Target.com is well known in the world of web accessibility. It was sued in 2006 by the National Federation of the Blind, Bruce F. Sexton, Jr., and the National Federation of the Blind of California because its website was not accessible to visually impaired shoppers. The lawsuit was ultimately settled in 2009, and Target Corporation was required to make its website accessible to the blind.
How Target.com Fares Today
In February 2010, the National Federation of the Blind granted Target.com “Nonvisual Accessibility Web Certification,” asserting that the website is now equally usable by blind and sighted users, making Target.com one of the first major retail websites to implement web accessibility.
Since implementing the required revisions to its website, Target.com can now be navigated easily and successfully for the purchase of goods by individuals using screen readers. Visitors can now access descriptive information contained in images, and without the burden of gibberish information caused by images with missing alt attributes.
The adjustments for blind users are a significant improvement. However, the site still contains many barriers to individuals with low vision or keyboard dependencies, and it is still critically flawed from a web accessibility standpoint.
Problems With Keyboard Navigation
One of the more serious problems is in its skip link functionality. (Skip links allow screen readers to skip over navigation items to arrive at the page content, saving much time for screen reader users.) Although the presence of skip links is excellent, they are only truly valuable if they work. The problem is that nearly every page includes the same two skip links, for the main content area and for the left navigation, respectively. Unfortunately, the main content link points to a location that only exists on third-level subcategory pages (e.g. Home Page > Furniture > Home Office > Desks) and individual product pages (e.g. Delano Desk – Antique Black) This means it has no effect when used on primary categories, supplemental pages or, most importantly, shopping cart pages.
Although individual product pages and third-level subcategories certainly constitute the greatest volume of documents on Target’s website, the shopping cart pages are documents which every single shopper must visit to complete a purchase. The inability to skip over the main navigation on these pages is a significant inconvenience for the keyboard navigator.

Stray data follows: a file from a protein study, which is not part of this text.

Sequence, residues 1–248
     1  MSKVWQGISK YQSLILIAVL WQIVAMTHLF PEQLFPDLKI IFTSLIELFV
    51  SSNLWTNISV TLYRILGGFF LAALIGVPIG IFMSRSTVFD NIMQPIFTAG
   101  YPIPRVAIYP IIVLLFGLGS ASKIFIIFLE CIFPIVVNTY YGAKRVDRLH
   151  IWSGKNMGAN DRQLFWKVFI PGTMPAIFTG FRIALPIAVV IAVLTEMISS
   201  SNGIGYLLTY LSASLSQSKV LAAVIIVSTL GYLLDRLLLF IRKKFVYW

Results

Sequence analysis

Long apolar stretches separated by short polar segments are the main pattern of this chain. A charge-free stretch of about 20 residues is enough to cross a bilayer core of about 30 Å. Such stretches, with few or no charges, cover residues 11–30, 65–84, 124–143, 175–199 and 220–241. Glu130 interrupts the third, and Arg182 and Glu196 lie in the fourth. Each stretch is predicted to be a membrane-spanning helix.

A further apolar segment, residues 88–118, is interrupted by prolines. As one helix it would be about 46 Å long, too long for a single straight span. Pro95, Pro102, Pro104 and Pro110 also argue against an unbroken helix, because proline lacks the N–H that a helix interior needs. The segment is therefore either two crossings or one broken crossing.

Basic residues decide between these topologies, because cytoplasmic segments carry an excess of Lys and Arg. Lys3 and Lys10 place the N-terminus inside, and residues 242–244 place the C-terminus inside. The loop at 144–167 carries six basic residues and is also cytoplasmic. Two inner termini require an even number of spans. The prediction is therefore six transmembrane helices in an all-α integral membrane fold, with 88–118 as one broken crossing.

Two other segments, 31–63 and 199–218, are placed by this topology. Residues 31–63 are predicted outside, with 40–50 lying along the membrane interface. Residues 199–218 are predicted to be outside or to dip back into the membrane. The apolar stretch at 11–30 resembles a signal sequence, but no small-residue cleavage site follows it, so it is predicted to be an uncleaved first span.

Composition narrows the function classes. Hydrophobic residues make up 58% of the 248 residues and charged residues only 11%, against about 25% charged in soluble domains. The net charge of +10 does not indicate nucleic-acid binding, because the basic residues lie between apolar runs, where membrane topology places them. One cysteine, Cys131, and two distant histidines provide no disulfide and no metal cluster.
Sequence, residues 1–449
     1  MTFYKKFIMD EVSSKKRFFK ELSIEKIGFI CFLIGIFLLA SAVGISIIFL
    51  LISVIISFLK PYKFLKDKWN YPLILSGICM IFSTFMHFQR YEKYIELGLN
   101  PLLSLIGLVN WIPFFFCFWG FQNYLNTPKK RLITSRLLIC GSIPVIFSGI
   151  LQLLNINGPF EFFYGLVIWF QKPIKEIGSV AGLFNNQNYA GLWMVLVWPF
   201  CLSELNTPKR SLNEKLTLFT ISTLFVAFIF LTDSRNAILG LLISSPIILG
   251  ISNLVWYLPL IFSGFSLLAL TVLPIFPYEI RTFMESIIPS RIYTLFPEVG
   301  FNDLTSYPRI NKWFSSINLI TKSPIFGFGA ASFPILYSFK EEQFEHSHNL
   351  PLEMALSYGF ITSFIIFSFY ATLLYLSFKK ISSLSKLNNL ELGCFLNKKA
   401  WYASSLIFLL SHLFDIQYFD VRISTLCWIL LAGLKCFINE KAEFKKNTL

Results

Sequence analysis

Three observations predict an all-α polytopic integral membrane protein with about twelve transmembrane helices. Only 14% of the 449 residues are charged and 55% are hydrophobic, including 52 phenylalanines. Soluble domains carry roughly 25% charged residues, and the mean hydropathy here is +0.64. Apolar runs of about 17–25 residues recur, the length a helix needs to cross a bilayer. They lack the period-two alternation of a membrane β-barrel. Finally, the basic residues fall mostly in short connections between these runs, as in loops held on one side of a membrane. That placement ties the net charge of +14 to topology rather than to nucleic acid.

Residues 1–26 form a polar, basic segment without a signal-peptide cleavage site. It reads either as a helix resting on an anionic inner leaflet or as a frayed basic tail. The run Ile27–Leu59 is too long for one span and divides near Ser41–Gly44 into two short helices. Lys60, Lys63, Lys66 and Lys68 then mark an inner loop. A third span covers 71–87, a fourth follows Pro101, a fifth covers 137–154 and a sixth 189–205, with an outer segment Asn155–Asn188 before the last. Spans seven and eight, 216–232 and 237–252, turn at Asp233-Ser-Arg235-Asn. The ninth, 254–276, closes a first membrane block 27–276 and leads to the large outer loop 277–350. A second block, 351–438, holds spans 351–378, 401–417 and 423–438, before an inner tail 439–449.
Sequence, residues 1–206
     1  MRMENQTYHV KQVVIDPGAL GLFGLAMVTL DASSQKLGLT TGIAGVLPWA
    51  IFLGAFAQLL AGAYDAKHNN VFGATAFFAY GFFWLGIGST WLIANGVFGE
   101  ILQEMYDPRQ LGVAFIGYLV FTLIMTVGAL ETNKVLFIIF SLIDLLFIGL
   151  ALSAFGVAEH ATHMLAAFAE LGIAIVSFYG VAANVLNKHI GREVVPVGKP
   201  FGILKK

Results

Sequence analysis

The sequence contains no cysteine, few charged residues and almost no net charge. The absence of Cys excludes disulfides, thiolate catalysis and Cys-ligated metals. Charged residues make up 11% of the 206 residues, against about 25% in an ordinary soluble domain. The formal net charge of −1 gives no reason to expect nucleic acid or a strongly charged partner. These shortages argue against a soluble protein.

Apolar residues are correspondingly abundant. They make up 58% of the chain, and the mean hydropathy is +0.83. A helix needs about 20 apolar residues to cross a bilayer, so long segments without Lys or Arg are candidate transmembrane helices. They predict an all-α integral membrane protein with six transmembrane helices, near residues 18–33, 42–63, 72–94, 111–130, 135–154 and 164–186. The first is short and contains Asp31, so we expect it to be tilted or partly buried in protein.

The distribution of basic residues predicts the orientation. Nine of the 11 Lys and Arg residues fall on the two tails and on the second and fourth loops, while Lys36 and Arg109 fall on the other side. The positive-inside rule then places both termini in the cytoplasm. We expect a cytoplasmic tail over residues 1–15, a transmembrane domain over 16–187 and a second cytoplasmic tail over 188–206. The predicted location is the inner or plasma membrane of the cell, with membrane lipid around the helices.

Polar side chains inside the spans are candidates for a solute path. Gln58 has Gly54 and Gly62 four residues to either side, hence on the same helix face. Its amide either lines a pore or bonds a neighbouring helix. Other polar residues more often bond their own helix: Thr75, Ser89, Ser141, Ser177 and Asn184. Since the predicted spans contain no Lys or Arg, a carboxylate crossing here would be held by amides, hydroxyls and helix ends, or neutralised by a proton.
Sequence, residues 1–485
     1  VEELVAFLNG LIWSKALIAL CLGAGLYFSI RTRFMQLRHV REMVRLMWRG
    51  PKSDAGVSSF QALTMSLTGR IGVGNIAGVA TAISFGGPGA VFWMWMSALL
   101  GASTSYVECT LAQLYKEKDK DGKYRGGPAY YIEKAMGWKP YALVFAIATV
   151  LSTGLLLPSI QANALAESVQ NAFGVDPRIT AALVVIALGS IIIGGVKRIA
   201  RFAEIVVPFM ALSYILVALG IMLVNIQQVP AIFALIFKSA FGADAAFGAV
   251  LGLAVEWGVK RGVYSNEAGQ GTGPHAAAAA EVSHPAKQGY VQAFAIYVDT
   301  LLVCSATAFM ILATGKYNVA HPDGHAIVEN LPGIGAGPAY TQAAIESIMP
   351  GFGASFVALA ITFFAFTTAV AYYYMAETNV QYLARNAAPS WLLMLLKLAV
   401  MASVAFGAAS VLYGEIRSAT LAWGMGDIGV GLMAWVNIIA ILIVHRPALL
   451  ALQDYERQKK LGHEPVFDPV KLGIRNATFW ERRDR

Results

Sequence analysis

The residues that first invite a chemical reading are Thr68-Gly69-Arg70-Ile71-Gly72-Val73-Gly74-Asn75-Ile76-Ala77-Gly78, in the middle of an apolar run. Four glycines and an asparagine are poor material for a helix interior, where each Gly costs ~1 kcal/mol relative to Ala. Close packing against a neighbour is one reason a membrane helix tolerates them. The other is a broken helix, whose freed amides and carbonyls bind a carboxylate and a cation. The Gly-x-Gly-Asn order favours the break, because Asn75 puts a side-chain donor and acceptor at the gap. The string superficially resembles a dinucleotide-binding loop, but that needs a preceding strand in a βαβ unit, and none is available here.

A lack of functioning skip links doesn’t actually destroy the accessibility of a site, but it does significantly decrease the usability of the site for users who depend on a keyboard, and it tests a user’s faith that the accessibility features he or she uses will work. In addition to a failure to function dependably, these links have no separating character or HTML element, leading to a probable run-on voicing by screen readers.
Problems With Contrast
The site also exhibits some unfortunate contrast problems. Many links are designed with a text color of #999 over a background color of #fff. This color combination fails to pass color contrast requirements under either Web Accessibility Guidelines 1 (WCAG 1) or WCAG 2, even if the links are presented in large text, which the links in question are not. These low contrast links (some of the same links lacking keyboard focus indicators) point to a number of important pages and functions throughout the site, including the privacy and security, cookies and targeted advertising, and site terms and conditions.
Simply making a website accessible to the blind is not the end goal for web accessibility. And, while Target’s website has been thoroughly revised according to the terms of its lawsuit settlement, those terms only covered a portion of the issues relevant for website accessibility. Target Corporation has done an admirable job of meeting the requirements demanded by the settlement, but its website still needs further improvements to become accessible to all.